Despite the introduction of new inflammatory markers, C-reactive protein (CRP) remains commonly used in patients hospitalised with severe infections. However, evidence on the usefulness of consecutive CRP measurements is still unclear. The clinical relevance of consecutive CRP measurements was studied in follow-up of antibiotic treatment in patients with severe community-acquired pneumonia (CAP). In a prospective multicentre trial, CRP levels were measured on admission, and on days 3 and 7. Patients were followed clinically for 28 days. Aetiology could be determined in 137 (47.4%) out of the 289 patients included. In 122 (38.8%) patients, initial antibiotic therapy was appropriate. A decline of <60% in CRP levels in 3 days and a decline of <90% in CRP levels in 7 days were both associated with an increased risk of having received inappropriate empiric antibiotic treatment (day 0-3, odds ratio (OR) 6.98, 95% confidence interval (CI) 1.56-31.33 and day 0-7, OR 3.74, 95% CI 1.12-13.77). In conclusion, consecutive C-reactive protein measurements are useful in the first week in follow-up of antibiotic treatment for severe community-acquired pneumonia when taking the causative microorganism and use of steroids into account. A delayed normalisation of C-reactive protein levels is associated with a higher risk of having received inappropriate antibiotic treatment.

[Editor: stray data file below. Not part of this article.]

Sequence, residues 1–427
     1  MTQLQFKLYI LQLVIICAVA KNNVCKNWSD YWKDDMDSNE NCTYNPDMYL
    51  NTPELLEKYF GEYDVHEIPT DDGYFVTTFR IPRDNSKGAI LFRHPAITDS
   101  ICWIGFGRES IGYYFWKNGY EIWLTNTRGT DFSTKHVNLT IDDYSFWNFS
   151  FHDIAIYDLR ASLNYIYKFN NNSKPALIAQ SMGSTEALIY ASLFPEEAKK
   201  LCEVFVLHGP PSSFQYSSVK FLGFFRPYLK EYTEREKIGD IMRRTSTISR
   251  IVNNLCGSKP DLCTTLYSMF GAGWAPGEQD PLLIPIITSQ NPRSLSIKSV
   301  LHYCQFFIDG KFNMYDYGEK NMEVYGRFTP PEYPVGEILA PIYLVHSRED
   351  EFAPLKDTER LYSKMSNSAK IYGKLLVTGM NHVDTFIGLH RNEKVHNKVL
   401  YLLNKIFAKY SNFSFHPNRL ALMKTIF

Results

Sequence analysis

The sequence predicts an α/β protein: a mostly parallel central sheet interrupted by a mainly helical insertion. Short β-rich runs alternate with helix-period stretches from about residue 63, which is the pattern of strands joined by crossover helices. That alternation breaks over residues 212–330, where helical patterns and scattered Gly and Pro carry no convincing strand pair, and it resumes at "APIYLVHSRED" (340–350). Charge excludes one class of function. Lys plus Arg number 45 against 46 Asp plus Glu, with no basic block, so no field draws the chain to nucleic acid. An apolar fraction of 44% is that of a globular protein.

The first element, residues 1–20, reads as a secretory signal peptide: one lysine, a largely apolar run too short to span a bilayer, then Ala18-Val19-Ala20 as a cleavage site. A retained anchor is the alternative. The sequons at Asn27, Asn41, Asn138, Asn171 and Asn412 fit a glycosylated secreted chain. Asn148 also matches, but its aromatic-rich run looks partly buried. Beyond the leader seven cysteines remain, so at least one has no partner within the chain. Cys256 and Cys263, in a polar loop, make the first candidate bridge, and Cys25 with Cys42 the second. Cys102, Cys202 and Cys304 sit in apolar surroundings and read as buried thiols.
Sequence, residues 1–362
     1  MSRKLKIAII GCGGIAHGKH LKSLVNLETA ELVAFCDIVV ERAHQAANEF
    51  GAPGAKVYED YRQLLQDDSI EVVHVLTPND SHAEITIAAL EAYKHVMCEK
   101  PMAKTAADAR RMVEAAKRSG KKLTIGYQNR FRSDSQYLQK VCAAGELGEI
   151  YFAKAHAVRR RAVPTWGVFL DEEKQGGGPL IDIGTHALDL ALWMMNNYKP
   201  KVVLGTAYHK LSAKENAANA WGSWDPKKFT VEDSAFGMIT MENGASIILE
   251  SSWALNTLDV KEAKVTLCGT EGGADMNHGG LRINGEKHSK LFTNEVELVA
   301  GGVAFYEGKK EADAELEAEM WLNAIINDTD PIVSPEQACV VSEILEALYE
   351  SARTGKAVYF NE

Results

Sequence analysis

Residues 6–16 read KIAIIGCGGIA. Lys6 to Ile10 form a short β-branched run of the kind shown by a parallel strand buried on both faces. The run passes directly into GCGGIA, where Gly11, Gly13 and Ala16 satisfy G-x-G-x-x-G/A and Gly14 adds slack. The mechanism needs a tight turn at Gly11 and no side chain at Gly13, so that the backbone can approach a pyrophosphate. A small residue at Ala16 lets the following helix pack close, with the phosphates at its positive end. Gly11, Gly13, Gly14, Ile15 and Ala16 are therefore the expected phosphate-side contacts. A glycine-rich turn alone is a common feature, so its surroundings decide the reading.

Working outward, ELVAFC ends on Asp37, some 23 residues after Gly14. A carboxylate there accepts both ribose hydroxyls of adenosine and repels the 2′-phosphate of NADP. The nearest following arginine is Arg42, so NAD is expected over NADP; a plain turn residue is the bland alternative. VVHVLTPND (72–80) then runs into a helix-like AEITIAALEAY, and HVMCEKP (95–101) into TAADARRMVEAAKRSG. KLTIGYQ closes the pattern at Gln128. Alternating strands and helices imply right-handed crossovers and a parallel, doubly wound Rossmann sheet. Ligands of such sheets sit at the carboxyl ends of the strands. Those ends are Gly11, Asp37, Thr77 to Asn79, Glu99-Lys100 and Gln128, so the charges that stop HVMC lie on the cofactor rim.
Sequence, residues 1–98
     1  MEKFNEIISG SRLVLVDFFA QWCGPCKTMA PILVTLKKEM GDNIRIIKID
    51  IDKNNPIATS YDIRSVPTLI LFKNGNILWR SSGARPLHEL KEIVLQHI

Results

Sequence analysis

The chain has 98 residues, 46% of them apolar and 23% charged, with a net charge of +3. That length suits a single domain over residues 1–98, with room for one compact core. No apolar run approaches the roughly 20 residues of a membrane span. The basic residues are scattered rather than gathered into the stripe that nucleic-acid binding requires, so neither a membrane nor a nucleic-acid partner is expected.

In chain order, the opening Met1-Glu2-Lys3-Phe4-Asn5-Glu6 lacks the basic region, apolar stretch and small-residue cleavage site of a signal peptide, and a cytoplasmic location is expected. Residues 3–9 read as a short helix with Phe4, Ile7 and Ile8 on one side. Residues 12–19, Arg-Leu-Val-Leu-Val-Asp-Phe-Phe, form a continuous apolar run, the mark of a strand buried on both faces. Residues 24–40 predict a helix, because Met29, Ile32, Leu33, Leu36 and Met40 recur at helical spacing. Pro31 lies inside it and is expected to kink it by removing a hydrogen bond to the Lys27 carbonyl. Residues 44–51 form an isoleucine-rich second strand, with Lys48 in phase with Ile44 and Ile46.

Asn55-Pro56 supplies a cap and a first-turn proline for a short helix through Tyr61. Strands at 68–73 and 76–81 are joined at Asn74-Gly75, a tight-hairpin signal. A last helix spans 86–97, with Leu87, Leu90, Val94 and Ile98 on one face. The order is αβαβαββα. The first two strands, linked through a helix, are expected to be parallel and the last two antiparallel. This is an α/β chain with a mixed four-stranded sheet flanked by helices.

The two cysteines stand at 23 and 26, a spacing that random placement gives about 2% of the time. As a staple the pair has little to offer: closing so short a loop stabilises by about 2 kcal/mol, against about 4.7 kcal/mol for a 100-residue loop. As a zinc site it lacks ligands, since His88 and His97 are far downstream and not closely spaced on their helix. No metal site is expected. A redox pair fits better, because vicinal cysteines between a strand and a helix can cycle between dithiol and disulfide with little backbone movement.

|Tijdschrift||European Respiratory Journal|
|Nummer van het tijdschrift||3|
|Status||Published - sep.-2008|